“…there is no manual that deals with the real business of motorcycle maintenance, the most important aspect of all. Caring about what you are doing is considered either unimportant or taken for granted.”
- Robert M. Pirsig,
Zen and the Art of Motorcycle Maintenance
During teaching engagements, consulting projects, or simply in discussion at conferences and other industry meetings, I am frequently asked who should perform lubrication tasks - dedicated lubrication technicians (centralized lubrication) or general mechanics and/or operators (decentralized)? Because there is no single answer to this question, it is worthwhile for us to discuss the variables that influence the decision, starting with the skills and knowledge required to effectively carry out machinery lubrication.
James Brian Quinn, an emeritus Dartmouth professor and respected business strategy guru, defines four basic types of knowledge: know-what, know-how, know-why and care-why, the last being more a state of mind than a definitive body of knowledge.Know-what is a basic mastery of the terms and concepts of a field such as lubricants, various lubricating devices, contamination control fundamentals, oil analysis, etc. Know-how is the skills to perform tasks related to a field, such as greasing a bearing, properly drawing a sample, evaluating an oil analysis report, performing periodic decontamination, etc. Know-why is an abstract level of understanding about the inter-relationships between systems and disciplines, such as how the lubricant interfaces with the machine, the role the machine plays in the process, the role of equipment reliability in profitability, etc. Care-why refers to the passion one has about the job. As Robert M. Pirsig, author of “Zen and the Art of Motorcycle Maintenance” suggests, this may be the most important characteristic of all.
The decision to centralize or decentralize lubrication activities must be driven by our ability to create and maintain all four types of knowledge. If we choose to centralize the activity, we can focus education and training activities on a few people and achieve mastery of know-what and know-how. Decentralizing lubrication means that numerous people must be trained and educated upfront and ongoing. This is because of turnover, which significantly increases the costs for training programs and decreases their effectiveness.
Clearly defined lubrication procedures and work-planning processes that define know-how are important to ensuring consistency and continuity in both centralized and decentralized programs. However in decentralized programs, their absence can be a disaster. For instance, a common scenario in decentralized lubrication programs is where multiple people grease the same motor because they are unaware of what tasks are or have been completed - so the operators on the first, second and third shifts all grease the motor and the mechanic greases it too, just in case the operators didn’t get to it. Of course, when the motor is rebuilt (which won’t take long), we find the windings full of excess grease.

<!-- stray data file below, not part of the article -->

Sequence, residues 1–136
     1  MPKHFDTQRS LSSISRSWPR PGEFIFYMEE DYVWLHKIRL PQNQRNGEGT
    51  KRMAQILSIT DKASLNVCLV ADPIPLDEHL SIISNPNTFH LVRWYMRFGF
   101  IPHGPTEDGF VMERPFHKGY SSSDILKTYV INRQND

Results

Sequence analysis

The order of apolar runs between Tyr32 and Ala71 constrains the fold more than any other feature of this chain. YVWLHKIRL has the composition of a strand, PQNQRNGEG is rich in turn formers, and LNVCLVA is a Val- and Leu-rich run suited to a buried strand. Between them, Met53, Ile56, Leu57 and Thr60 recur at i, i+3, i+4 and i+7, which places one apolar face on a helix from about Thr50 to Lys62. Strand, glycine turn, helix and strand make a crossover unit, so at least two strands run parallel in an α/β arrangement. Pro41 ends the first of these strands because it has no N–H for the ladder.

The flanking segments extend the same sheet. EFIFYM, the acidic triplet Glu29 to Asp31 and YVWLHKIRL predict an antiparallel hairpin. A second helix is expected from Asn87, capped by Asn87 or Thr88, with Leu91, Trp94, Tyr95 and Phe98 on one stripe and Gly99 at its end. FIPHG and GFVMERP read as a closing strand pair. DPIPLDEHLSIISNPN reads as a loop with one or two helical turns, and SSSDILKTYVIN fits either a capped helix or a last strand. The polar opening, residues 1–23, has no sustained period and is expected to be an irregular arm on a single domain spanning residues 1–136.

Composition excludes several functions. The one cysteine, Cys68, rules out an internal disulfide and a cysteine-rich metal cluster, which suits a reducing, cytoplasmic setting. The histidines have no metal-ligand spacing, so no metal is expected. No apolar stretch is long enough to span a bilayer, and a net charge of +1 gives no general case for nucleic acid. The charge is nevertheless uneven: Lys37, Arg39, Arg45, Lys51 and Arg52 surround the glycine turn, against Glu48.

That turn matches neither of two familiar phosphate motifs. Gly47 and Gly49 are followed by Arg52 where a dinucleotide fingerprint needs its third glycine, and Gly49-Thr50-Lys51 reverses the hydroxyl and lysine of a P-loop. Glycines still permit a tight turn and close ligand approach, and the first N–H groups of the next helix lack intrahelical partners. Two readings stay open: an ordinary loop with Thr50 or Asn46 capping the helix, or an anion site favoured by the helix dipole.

With collateral training, experience and coaching, we can facilitate know-why over time where lubrication is centralized. It is unlikely that generalists in a decentralized lubrication program will ever achieve a clear sense of know-why. They simply don’t spend enough time with lubrication to gain a true understanding about the role lubrication plays in machinery operation and failure. Know-why is required to innovate new approaches to old problems. Only through innovation can we break the cycle of despair - doing the same things while expecting different results.
Care-why is achieved when an individual truly believes that his or her efforts contribute to the greater good of the organization or to society at large. Care-why is taking pride in one’s job. These individuals can find problems because they possess know-what and know-how, innovate solutions because they know-why lubrication is important to reliability, and push through changes because they care and have the confidence to drive an agenda. One cannot drive change without confidence in his own technical discipline.
In some organizations, size and scale prohibit assigning dedicated lube techs without outsourcing or assigning the activity to regional techs. In midsize to larger facilities, it is usually feasible to dedicate lubrication activities to lubrication professionals. A lube tech must understand how machines run, how they fail, the physics and chemistry behind lubrication engineering, lubrication engineering technology, reliability engineering principles and technology, and the important role of lubrication and reliability in the firm’s economics. A good lube tech is a specialized professional who, when properly enabled, can deliver a great deal of value to the firm.
Decentralizing an important activity such as machinery lubrication often results in poor performance and little innovation. Consider where your largest opportunities to improve mechanical reliability reside. Then try to imagine stepwise improvement without an excellent machinery lubrication program. You should see the value and wisdom in putting the job in the hands of dedicated lubrication professionals. This is my Viewpoint. As always, I’m interested in yours.